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Mystery of Lithium Efficacy May Be Solved

Mystery of Lithium Efficacy May Be SolvedFor over 50 years, lithium has been the preferred pharmaceutical intervention for bipolar disorder.

Despite the effectiveness of the medication, knowledge of the actual mechanism by which lithium works its magic has been largely unknown.

A new study solves as least a part of the mystery by providing evidence that lithium reduces brain inflammation by adjusting the metabolism of the health-protective omega-3-fatty acid called DHA.

The research is published in this month’s Journal of Lipid Research.

Inflammation in the brain, like other parts of the body, is an important process to help the brain combat infection or injury. However, excess or unwanted inflammation can damage sensitive brain cells, which can contribute to psychiatric conditions like bipolar disorder or degenerative diseases like Alzheimers.

It’s believed that lithium helps treat bipolar disorder by reducing brain inflammation during the manic phase, thus alleviating some of the symptoms. Exactly how lithium operates, though, has been debated.

Mireille Basselin and colleagues at the National Institute of Aging and the University of Colorado, Denver, took a detailed approach to this question by using mass spectrometry analysis to analyze the chemical composition of brain samples of both control and lithium-treated rats stressed by brain inflammation.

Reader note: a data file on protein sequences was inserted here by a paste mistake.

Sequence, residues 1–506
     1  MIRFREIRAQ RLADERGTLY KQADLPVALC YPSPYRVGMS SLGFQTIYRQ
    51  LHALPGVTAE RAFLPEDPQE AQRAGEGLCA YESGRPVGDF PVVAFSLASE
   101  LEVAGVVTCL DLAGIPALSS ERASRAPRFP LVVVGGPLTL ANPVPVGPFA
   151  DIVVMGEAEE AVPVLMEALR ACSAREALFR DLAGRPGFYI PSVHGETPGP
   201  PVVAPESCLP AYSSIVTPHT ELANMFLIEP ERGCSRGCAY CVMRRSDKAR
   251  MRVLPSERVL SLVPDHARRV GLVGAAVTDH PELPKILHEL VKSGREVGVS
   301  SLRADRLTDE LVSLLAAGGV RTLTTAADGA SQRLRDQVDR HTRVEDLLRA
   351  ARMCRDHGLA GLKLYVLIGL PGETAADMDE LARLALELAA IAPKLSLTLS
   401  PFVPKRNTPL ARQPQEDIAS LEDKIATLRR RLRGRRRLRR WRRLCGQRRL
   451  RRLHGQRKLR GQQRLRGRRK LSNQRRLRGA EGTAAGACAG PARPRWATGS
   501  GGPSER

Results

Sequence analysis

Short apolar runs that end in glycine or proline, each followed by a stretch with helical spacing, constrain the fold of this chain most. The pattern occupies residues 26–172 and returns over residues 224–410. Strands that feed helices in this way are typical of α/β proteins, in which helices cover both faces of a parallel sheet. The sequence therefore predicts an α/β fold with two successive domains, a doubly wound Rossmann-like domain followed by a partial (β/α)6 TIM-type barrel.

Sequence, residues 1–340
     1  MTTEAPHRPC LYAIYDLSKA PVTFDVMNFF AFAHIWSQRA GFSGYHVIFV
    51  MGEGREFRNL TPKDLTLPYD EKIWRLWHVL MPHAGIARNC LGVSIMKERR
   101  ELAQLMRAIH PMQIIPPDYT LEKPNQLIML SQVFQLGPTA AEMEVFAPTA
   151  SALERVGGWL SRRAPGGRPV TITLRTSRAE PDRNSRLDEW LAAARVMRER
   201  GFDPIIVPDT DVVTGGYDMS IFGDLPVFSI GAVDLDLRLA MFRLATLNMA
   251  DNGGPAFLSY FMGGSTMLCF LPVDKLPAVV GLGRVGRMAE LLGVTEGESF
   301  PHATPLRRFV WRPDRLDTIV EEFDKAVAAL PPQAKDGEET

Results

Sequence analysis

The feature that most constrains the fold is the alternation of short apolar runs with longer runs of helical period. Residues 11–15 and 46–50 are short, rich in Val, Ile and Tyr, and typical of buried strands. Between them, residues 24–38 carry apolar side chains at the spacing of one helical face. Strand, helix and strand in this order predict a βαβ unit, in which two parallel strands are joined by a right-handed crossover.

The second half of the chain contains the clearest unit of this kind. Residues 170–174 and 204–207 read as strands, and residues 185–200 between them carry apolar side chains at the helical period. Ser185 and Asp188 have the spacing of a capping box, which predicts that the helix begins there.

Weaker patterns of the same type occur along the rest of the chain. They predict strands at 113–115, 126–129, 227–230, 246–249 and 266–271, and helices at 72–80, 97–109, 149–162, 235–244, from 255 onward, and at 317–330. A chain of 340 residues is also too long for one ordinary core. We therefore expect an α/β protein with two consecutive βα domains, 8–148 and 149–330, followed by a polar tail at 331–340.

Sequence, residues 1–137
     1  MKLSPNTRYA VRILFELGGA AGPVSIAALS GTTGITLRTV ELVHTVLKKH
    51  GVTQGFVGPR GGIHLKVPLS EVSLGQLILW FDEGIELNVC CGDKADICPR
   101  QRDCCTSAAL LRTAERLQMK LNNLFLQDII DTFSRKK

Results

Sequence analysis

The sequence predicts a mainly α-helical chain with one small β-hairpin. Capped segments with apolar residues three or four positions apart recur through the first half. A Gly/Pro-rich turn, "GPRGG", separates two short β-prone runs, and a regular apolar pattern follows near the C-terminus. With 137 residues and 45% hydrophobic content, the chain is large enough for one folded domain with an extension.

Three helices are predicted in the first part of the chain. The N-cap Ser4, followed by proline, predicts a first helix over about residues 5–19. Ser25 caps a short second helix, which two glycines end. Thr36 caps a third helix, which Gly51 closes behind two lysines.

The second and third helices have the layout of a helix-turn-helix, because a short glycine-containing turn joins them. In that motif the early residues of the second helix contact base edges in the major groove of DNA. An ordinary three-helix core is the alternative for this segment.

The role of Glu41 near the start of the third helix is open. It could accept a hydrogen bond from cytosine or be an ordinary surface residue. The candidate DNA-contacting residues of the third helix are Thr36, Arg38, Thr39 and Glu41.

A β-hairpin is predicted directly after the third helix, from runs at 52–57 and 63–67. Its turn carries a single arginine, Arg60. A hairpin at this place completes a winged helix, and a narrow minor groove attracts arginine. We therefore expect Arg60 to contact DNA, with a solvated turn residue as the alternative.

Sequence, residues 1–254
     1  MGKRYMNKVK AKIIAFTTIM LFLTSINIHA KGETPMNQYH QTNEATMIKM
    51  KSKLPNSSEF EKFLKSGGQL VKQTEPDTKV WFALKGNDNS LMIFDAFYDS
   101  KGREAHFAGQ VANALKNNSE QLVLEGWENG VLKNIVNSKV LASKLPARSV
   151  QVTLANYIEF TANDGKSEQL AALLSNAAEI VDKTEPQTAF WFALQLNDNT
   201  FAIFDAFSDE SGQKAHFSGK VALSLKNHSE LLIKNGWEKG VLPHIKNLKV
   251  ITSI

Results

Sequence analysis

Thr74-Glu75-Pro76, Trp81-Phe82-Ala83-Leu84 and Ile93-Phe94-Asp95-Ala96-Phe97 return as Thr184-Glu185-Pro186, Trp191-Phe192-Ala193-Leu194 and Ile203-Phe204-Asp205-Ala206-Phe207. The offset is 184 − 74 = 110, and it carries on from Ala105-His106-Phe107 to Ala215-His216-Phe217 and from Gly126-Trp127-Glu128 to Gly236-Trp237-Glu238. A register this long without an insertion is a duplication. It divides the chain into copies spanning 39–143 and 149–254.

They found that in agreement with some other studies, rats given a six-week lithium treatment had reduced levels of arachidonic acid and its products, which can contribute to inflammation.

In addition, they also demonstrated, for the first time, that lithium treatment increased levels of a metabolite called 17-OH-DHA in response to inflammation. 17-OH-DHA is formed from the omega-3 fatty acid DHA (docosahexaenoic acid) and is the precursor to a wide range of anti-inflammatory compounds known as docosanoids.

Other anti-inflammatory drugs, like aspirin, are known to also enhance docosanoids in their mode of action.

Basselin and colleagues noted that the concentration of DHA did not increase, which suggests that lithium may increase 17-OH-DHA levels by affecting the enzyme that converts DHA to 17-OH-DHA.

By reducing both pro-inflammatory AA products, and increasing anti-inflammatory DHA products, lithium exerts a double-protective effect which may explain why it works well in bipolar treatment.

Now that its mechanism is a little better understood, it may lead to additional uses for this chemical.

Source: American Society for Biochemistry and Molecular Biology

Mystery of Lithium Efficacy May Be Solved

Rick Nauert PhD

Rick Nauert, PhDDr. Rick Nauert has over 25 years experience in clinical, administrative and academic healthcare. He is currently an associate professor for Rocky Mountain University of Health Professionals doctoral program in health promotion and wellness. Dr. Nauert began his career as a clinical physical therapist and served as a regional manager for a publicly traded multidisciplinary rehabilitation agency for 12 years. He has masters degrees in health-fitness management and healthcare administration and a doctoral degree from The University of Texas at Austin focused on health care informatics, health administration, health education and health policy. His research efforts included the area of telehealth with a specialty in disease management.

APA Reference
Nauert PhD, R. (2015). Mystery of Lithium Efficacy May Be Solved. Psych Central. Retrieved on December 10, 2018, from https://psychcentral.com/news/2010/05/24/mystery-of-lithium-efficacy-may-be-solved/14009.html

 

Scientifically Reviewed
Last updated: 6 Oct 2015
Last reviewed: By John M. Grohol, Psy.D. on 6 Oct 2015
Published on PsychCentral.com. All rights reserved.